You can delude yourself all you want. Things are what they are, and as Rick Perry learned in 2011 when he was called to answer for a certain inconveniently named rock, this nation's ugly racial past has a way of poking through the polite lies and evasions we use to prettify history and justify ourselves. So it is with Washington's football team and its nickname.

This is not about honor and even less about "strength, courage, pride and respect." It is rather, about moral integrity, intellectual honesty and the immutable weight of certain words. Whether we choose to acknowledge it, or never do, doesn't change the fact:

"Redskins" is a curse word.

Leonard Pitts, a Maryland resident, is a columnist for The Miami Herald. Readers may contact him via email at lpitts@miamiherald.com.

Copyright © 2015, The Baltimore Sun
Related Content
  • Forced sterilization still happens in America

    Forced sterilization still happens in America

    An investigative report into California's prisons found hundreds of inmates had been sterilized, and many said they were pressured to consent

  • Cincinnati officer indictment: Seeing is believing

    Cincinnati officer indictment: Seeing is believing

    Anyone who might still be harboring doubts about the effectiveness (and necessity) of police body cameras need only watch what spewed out of the camera attached to University of Cincinnati police officer Ray Tensing, who was arraigned on a murder charge today. The recording of Officer Tensing,...

  • Closing BCDC [Poll]

    Closing BCDC [Poll]

    Is closing the Baltimore City Detention Center a good idea?

  • Suspensions are the symptom, racism is the cause

    Suspensions are the symptom, racism is the cause

    When my daughter was a junior in high school, she became captain of her softball team. One morning, while she shared some snacks I had brought her with a couple of teammates, a teacher accused her of selling food. He then confiscated my daughter's bag, violating the school board policy that gives...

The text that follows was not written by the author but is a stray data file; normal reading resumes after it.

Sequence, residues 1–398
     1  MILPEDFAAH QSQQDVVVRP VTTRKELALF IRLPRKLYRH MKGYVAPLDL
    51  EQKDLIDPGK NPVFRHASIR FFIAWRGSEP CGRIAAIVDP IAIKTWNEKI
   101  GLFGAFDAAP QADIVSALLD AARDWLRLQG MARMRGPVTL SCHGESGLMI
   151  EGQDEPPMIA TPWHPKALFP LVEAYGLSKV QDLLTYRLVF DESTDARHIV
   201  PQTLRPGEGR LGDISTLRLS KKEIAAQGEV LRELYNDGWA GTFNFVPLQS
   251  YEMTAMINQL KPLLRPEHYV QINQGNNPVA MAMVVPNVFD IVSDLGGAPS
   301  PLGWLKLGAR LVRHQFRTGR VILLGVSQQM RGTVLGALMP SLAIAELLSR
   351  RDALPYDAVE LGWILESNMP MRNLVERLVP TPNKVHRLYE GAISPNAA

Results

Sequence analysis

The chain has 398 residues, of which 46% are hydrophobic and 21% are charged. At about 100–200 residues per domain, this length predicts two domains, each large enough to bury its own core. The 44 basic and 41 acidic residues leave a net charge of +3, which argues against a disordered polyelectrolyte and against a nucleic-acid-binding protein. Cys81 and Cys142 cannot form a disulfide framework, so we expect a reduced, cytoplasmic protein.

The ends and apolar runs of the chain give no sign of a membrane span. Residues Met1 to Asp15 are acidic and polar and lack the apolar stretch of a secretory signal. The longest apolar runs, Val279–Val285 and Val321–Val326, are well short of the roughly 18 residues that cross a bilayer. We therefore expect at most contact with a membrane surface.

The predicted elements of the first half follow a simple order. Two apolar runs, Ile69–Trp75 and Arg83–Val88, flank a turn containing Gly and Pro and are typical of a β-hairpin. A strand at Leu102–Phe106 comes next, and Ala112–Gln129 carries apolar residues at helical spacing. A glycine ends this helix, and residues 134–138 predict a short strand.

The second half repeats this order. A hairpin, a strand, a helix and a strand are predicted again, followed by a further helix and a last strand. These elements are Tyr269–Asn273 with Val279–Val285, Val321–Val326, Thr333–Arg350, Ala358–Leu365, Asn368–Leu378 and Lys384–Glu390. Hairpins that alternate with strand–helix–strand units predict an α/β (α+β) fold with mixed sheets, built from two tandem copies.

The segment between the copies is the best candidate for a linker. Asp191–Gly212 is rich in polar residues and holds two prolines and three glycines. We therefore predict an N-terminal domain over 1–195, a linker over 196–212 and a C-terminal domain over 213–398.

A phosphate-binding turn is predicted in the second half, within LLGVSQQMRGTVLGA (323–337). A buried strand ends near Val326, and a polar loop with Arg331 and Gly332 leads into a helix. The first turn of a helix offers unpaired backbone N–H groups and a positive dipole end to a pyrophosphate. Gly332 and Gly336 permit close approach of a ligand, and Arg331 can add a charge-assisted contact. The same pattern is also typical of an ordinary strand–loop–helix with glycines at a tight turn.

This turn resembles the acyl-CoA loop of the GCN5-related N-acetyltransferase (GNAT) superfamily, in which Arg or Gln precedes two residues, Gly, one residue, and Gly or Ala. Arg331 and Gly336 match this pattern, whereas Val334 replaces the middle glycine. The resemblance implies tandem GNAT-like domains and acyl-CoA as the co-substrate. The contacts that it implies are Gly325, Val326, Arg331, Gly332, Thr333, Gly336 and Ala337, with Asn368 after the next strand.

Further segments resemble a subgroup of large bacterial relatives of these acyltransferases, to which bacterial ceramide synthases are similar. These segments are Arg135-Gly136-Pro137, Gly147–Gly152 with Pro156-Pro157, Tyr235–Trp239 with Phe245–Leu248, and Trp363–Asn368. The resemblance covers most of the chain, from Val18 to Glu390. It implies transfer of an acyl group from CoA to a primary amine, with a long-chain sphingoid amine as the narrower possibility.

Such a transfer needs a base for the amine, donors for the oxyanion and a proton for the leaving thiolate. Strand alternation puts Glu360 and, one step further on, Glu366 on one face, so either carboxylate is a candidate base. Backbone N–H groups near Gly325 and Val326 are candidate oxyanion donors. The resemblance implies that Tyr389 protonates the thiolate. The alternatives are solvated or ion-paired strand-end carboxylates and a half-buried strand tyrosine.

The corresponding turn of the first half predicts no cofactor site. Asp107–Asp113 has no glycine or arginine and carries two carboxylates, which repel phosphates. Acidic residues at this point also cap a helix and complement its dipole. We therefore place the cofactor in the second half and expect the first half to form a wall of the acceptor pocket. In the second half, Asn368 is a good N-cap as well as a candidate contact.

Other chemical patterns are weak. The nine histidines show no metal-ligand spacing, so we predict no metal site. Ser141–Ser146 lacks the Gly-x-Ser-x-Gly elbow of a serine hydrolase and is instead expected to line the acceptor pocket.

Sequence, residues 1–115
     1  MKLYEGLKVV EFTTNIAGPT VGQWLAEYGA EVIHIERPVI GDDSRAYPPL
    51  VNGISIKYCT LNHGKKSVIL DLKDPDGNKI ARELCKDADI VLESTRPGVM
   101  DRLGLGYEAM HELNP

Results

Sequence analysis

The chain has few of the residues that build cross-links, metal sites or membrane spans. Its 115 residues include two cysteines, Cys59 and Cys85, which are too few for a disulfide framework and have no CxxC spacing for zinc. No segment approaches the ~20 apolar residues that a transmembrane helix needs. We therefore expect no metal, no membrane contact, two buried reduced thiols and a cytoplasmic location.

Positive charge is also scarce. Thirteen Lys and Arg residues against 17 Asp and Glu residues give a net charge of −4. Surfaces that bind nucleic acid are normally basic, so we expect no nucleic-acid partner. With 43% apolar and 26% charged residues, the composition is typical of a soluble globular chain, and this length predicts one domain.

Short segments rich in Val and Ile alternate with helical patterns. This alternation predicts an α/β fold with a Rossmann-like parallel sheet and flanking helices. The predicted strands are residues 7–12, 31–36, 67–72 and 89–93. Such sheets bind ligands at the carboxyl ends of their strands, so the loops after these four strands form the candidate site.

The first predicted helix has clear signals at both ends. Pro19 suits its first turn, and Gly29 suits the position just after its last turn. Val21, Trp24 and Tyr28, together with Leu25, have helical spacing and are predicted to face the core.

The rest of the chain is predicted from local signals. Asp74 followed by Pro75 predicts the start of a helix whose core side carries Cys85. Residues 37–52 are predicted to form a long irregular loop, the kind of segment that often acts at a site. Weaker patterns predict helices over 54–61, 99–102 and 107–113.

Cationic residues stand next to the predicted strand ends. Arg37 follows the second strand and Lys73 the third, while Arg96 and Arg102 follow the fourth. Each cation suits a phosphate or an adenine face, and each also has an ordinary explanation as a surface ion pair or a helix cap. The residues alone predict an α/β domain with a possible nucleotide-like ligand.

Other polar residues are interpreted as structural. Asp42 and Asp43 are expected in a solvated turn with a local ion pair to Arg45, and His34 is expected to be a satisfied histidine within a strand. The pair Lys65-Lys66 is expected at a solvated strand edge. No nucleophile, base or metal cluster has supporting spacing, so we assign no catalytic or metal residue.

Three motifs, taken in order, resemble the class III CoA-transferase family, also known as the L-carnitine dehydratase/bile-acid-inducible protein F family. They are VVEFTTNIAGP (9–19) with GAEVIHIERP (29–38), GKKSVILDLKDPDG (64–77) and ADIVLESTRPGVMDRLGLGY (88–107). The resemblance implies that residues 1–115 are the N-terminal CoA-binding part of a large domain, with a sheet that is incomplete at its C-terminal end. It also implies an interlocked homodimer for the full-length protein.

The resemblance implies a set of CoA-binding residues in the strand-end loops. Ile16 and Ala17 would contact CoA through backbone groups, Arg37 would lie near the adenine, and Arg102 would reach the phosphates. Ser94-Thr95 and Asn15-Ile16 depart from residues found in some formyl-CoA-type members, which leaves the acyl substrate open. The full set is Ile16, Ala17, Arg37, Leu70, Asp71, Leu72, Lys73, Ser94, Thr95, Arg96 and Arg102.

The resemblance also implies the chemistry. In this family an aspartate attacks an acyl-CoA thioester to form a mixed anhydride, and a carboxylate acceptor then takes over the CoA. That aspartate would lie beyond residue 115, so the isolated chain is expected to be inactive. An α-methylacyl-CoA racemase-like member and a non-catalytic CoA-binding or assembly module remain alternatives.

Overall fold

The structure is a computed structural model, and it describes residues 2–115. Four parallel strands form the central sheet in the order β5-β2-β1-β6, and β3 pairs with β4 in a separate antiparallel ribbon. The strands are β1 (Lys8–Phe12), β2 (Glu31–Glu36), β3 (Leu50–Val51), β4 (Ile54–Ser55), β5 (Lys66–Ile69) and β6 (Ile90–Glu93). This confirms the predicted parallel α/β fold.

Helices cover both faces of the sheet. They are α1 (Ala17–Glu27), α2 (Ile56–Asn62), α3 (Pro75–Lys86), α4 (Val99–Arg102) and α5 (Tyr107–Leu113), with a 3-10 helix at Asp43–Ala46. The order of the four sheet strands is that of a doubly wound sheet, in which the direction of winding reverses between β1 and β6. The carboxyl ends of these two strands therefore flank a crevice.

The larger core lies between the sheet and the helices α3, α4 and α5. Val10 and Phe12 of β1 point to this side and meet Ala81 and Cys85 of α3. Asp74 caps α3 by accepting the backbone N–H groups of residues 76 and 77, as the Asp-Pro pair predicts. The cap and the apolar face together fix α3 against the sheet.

• Addressing the work family balance

    Addressing the work family balance

    Whatever you think about Sen. Bernie Sanders and business billionaire Donald Trump, it is exciting to see the chorus of viewpoints being offered by more than a dozen presidential candidates (16 on the GOP side alone). The summer of 2015 is hardly going to be a sleeper.

  • Maryland's regulation SWAT team

    Maryland's regulation SWAT team

    Gov. Larry Hogan has taken a well-worn page from the right-wing handbook and announced the appointment of a panel of business executives to identify state regulations that should be dismantled. It's tempting to dismiss the panel as a sop to his conservative base, but it poses a serious threat to...

  • Connecting communities and schools in Baltimore

    Connecting communities and schools in Baltimore

    A sea change is taking place in Baltimore, and it recently received national recognition. Where it's taking hold, school attendance is up. Chronic absenteeism is down. Student achievement and promotion rates are up. More families are engaged. School climates are being transformed.

  • Releasing Israeli spy [Poll]

    Releasing Israeli spy [Poll]

    Do you believe U.S. assertions that the release of former Israeli spy Jonathan Pollard is not related to foreign policy considerations?

Comments
Loading
79°